CAMBRIDGE, MA – According to reports, scientists may be well on their way to discovering how to not only circumvent nature by producing wood grown in a lab in the fraction of the time it would take in the wild, but they may even have control over the shapes in which it grows, potentially allowing people to grow furniture while fighting deforestation.
Scientists at the Massachusetts Institute of Technology (MIT) have grown wood-like plant tissue from cells extracted from the leaves of the Mexican Zinnia plant, which can be grown indoors without soil or sunlight; the introduction of plant hormones can turn the cells into a rigid structure, opening the possibility that scientists would be able to shape this grown wood into any shape needed, according to researcher Luis F. Velásquez-García.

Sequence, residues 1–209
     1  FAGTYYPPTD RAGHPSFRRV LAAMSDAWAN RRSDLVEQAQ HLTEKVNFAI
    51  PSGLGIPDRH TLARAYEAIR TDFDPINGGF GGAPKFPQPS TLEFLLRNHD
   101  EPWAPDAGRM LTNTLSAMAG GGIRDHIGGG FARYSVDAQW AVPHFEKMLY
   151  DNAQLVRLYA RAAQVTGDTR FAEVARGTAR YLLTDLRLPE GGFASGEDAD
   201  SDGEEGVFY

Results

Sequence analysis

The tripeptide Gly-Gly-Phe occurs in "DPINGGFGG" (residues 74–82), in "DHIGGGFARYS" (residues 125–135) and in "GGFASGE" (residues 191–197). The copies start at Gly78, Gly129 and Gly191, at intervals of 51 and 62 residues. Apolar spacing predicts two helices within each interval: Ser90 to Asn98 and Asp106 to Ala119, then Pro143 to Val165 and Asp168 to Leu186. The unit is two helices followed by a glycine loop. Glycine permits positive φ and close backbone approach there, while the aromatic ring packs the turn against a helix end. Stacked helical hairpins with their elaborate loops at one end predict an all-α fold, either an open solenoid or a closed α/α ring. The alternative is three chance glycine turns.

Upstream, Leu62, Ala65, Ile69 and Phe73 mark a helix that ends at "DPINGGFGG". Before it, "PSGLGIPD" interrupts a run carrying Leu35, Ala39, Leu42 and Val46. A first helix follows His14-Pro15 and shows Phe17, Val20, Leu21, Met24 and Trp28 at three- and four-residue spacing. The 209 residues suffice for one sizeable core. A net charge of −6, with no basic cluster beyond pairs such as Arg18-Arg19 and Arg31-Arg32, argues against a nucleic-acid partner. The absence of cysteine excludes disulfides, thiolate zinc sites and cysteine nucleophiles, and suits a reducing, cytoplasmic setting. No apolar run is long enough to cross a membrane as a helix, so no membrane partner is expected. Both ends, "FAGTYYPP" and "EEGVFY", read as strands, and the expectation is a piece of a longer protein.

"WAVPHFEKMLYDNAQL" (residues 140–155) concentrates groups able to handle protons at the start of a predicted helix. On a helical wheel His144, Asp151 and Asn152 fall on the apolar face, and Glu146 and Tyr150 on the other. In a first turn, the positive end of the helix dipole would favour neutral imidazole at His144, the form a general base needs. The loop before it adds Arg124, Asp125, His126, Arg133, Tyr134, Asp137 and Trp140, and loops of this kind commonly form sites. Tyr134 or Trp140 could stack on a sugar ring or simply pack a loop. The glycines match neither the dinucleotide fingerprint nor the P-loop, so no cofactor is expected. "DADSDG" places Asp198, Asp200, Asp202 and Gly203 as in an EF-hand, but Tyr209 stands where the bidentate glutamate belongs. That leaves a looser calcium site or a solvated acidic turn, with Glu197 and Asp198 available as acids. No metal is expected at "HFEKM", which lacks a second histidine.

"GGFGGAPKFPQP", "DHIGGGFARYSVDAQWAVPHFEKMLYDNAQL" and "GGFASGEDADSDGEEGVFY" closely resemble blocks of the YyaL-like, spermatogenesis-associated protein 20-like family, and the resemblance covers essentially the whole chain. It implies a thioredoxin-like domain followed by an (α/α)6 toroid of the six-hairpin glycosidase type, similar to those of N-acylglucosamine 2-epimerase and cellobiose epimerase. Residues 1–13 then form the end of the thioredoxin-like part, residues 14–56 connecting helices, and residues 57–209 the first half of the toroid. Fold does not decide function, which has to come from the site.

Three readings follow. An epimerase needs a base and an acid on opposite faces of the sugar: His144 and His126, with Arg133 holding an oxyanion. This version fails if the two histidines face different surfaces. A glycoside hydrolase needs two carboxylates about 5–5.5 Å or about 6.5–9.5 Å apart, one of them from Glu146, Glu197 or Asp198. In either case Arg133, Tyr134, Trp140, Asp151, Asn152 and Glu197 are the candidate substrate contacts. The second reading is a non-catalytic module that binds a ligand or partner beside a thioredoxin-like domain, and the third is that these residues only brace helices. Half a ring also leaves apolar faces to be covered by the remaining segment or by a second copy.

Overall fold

“If you want a table, then you should just grow a table,” he said to MIT News. “Plant cells are similar to stem cells in the sense that they can become anything if they are induced to.”
While this may sound unbelievable, bear in mind that scientists have already successfully figured out how to grow “cultivated meat” in a lab that will soon be on the market. Last year, San Francisco-based alternative protein company Eat Just gained regulatory approval to begin selling bioreactor-grown meat after growing real chicken from cells, and Dutch stem-cell researcher Mark Post’s company Mosa Meat announced that they will have lab-gown beef on the market in 2021.
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However, we’re still quite some time from literally growing a dining room table and matching set of chairs, as experts say that it would take “significant financial and intellectual investment” to make lab-grown wood become a reality.